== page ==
The symptoms we have during a viral illness are often the body's attempt to get rid of the virus. Typical symptoms of common cold include nasal congestion and discharge, sore throat, sneezing, coughing, headache, and fatigue. Febrile reactions occur in infants and young children but are uncommon in older children and adults.

Symptoms of flu

The onset of influenza types A and B is sudden, marked by chills, fever, generalized aches and pains, headache, and photophobia. Respiratory symptoms begin with a scratchy, sore throat; substernal burning; and nonproductive cough. Later cough becomes severe and productive, and weakness, fatigue, and sweating persist. Influenza C produces milder symptoms.

Causes of flu and common cold

Spring and summer colds are often caused by picornaviruses, whereas fall colds are frequently caused by parainfluenza and winter colds by coronavirus strains. The mechanisms of spread are not clearly defined and may vary somewhat by viral type. Direct contact is implicated in rhinovirus colds; airborne infection by droplet is probably the mechanism in other viral strains.

Flu is caused by orthomyxovirus types A, B, and C, which are spread by direct person-to-person contact or by airborne droplet spray. Flu generally occurs in the late fall and early winter and can reach epidemic proportions when a modified form of the virus emerges for which the population has no immunity.

Complications of flu and common cold

The most common complications of common cold are the secondary overlay of a bacterial infection with purulent sinusitis or otitis media and the triggering of bronchospasms in persons with asthma.
The most common complication of flu is viral pneumonia or a secondary bacterial pneumonia. Individuals who have a compromised respiratory system and the elderly are most susceptible.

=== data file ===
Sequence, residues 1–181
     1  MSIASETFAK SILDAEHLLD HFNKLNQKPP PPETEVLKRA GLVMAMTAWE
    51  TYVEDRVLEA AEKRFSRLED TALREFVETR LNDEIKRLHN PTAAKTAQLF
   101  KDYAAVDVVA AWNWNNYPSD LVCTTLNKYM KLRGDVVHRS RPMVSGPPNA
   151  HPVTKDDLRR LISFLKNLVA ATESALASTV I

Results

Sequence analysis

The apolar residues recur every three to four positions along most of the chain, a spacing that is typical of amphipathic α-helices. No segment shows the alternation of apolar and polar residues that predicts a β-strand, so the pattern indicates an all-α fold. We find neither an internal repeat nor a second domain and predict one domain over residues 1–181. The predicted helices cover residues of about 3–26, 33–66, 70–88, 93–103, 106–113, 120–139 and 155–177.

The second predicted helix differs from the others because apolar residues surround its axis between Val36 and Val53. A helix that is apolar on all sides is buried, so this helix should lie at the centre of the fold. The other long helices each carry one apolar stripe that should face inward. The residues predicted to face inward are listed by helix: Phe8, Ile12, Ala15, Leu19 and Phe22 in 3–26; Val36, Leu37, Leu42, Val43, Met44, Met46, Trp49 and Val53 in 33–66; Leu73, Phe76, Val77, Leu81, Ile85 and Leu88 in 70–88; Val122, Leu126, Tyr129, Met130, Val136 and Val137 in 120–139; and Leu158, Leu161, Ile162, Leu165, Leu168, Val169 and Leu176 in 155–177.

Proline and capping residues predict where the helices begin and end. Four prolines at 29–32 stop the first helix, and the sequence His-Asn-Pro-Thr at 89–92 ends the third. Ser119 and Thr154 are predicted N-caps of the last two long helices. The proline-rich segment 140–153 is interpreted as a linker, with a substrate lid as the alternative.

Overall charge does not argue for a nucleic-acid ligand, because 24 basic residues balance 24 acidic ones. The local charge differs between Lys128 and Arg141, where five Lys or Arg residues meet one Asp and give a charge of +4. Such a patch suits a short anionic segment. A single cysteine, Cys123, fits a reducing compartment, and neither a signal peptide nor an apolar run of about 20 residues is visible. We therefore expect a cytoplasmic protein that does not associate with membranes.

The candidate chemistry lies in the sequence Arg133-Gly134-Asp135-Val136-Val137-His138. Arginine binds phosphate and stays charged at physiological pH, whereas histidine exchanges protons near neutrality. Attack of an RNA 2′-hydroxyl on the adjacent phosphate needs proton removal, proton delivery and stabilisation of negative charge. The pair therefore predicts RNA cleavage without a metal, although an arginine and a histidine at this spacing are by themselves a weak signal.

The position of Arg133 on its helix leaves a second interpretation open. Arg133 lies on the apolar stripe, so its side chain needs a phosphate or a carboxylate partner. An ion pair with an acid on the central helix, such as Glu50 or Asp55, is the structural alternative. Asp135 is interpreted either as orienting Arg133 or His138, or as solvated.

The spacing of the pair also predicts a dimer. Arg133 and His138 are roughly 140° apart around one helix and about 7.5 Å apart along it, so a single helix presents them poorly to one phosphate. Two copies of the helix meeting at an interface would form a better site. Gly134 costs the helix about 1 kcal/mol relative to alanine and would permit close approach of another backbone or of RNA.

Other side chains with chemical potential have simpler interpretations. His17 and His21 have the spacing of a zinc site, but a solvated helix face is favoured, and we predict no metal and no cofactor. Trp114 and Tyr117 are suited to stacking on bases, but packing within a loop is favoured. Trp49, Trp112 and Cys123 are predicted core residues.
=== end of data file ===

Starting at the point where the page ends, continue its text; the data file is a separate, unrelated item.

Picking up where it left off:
Diagnosis of flu and common cold

The diagnosis of common cold is made by clinical examination, while ruling out secondary bacterial sinusitis, otitis media, and streptococcal pharyngitis. Flu can be diagnosed if tissue culture of nasal secretions or fluorescent antibody staining of secretions is positive for virus.

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Treatments for common cold are medications. Usually acetaminophen analgesics if you have headache.  Nasal sprays are important for decongestion. Your doctor probably will recommend you saline gargle or topical anesthetics for sore throat. If you have common cold you shouldn’t use antibiotics. You should know that antibiotics won’t help a common cold or flu. Antibiotics are used to treat infections caused by bacteria and do not have any effect on viruses such as colds and flu. Using antibiotics when you don't need them may make them less effective when you do need them.  If your child has common colds you shouldn’t give him or her Aspirin. Rest for comfort and to minimize spread of common cold.  Good handwashing and careful handling of items in the environment are important to minimize viral contact by others. You should intake enough fluids for hydration. Drinking plenty of fluids is essential to prevent dehydration.
Treatment of flu usually includes some medications. Analgesics are given for headache, aches, pains.  Nasal sprays for congestion.   Antitussives are given for cough. Flu vaccine is important for prevention if zou have high risk, or you are older and chronic ill. Amantadine can also be used for prevention of or early intervention for influenza type A in high-risk groups. Consult your doctor for an annual flu injection. The vaccination dramatically lessens the severity of the flu, but has no effect on the common cold. Adequate hydration, rest, careful handling of items in the environment and good handwashing to reduce the spread of the virus is most important.